Pat Schroeder's tearful comportment as she told supporters of her decision not to enter the White House race has touched off a bit of debate on when and whether these sorts of emotional displays are harmful.
If, as one reporter points out, a woman must publicly announce that she will not be running for the very office that many still question her toughness for, she probably ought not to sob while telling them. True enough. This sentiment was shared by some supporters who found themselves wincing through much of the Colorado congresswoman's announcement. Feminists watching, I'll wager, were wincing more than most.
Not to worry. Schroeder's shaky finish will be little remembered. After a studied observation of Schroeder's presidential moves, I have come to this conclusion: She may withdraw like a woman, but she won't run like one. Neither will she run like a man. But when she does run for President--and she will--it will be different from her test run or any other seen so far.
I believe that Schroeder is open and honest, but not naive. I take her at her word that she finds presidential campaigning obnoxious and that she could not, as she put it, "figure out a way to run and not be separated from those I serve. There must be a way, but I couldn't figure it out."
What I do not believe is that she will never figure it out. She will, in due time.
She learned what she needed to, then left. She learned a lot about the factors that dominate running for President:
The system. Whether or not she can "bear turning every human contact into a photo opportunity," she knows very well that this system is as likely to change as her sex. Right or wrong, it's the one that we have and the one that she will meet again. Next time out, she may even be able to bear the photo opportunities.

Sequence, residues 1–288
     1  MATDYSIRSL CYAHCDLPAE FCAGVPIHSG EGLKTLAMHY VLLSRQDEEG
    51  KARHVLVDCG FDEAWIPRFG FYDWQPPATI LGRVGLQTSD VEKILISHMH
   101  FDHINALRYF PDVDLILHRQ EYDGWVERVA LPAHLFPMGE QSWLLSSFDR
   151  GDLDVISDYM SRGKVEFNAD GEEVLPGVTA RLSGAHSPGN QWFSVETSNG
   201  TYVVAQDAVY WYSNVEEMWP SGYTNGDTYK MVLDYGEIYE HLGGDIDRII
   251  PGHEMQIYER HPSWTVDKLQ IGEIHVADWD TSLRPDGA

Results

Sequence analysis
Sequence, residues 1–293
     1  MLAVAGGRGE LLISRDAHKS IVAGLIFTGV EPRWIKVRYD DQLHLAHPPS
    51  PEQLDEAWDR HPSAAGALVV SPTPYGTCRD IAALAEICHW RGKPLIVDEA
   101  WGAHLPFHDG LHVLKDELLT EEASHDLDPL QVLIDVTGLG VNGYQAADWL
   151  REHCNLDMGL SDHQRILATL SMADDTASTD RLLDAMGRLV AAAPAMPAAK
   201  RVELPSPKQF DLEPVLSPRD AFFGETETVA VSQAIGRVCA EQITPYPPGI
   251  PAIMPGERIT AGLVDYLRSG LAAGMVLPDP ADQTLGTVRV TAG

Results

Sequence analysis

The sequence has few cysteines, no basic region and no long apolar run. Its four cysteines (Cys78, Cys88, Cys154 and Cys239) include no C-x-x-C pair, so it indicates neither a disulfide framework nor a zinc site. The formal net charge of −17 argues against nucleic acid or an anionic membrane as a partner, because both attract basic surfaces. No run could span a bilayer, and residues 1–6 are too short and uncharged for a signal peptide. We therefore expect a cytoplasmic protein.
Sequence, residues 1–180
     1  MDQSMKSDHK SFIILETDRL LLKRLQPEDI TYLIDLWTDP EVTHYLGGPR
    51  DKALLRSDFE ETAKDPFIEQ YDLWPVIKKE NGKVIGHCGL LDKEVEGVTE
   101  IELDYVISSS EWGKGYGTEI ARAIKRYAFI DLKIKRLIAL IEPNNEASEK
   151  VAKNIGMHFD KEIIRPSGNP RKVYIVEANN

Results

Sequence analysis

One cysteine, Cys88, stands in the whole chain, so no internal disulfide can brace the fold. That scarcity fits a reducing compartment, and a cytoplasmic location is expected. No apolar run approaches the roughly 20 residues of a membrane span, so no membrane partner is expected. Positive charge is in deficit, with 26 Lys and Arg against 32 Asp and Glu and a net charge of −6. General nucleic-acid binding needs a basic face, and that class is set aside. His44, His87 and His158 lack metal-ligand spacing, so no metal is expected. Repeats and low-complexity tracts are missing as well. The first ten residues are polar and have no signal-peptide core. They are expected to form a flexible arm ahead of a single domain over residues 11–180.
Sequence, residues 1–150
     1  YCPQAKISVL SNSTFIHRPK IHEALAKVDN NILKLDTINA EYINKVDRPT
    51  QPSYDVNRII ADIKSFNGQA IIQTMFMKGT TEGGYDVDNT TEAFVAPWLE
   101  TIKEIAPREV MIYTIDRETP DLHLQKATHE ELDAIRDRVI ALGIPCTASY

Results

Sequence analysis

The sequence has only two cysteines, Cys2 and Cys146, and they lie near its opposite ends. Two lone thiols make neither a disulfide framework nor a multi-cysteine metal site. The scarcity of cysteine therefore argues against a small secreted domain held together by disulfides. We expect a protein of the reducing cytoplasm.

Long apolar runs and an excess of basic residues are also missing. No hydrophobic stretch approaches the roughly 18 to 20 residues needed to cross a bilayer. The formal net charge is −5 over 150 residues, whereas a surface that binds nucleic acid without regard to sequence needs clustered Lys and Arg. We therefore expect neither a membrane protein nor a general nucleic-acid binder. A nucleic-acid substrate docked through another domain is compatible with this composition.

The message. This ad-lib artist knows that some things are best thought through, then tried and thought through some more. She learned a lot about how best to get her vision for America across and what she must do between now and next time to increase credibility.
Support. She learned how much support there is and the depth, or the lack thereof, of support in the organized women's movement; when and whether pledges materialize, and how best to turn "gawkers" (the ones chanting "Run, Pat, Run") into workers and voters.
Increased name identification. Reporters spelled her name right, and voters know a lot more about her.
So don't get sidetracked by the tears. Her crying is not, after all, a daily occurrence, like New York Gov. Mario Cuomo's habit of recording every thought, word and deed in his diary. Whenever I hear the governor's name, a picture quickly forms in my mind. It is a picture of this extraordinary man who, robed and slippered and sleepyheaded, makes his way (quietly) to a little room adjacent to the bedroom. It is 3 a.m. There, all alone with his alter ego, he opens his diary, picks up his pen and begins to write. Each time this picture comes before my eyes, I feel lightheaded--like I'm going . . . to be sick! But I digress.
Back to the congresswoman. She wants to be the President, and while the conventional wisdom (I myself have said it) is that ultimately the beneficiary of the Ferraros and the Schroeders will be a moderate Republican woman, I doubt seriously that Schroeder believes it. Nor does she intend for any other woman to reap the benefits of her work, not even in her own party. It's not that she's opposed to blazing trails for others--she has done that already. But she's blazing this one for herself.
Time will tell. I hope that I'm right. I hope that she's preparing herself for the run of her life--and ours. If she does not, I'll just cry.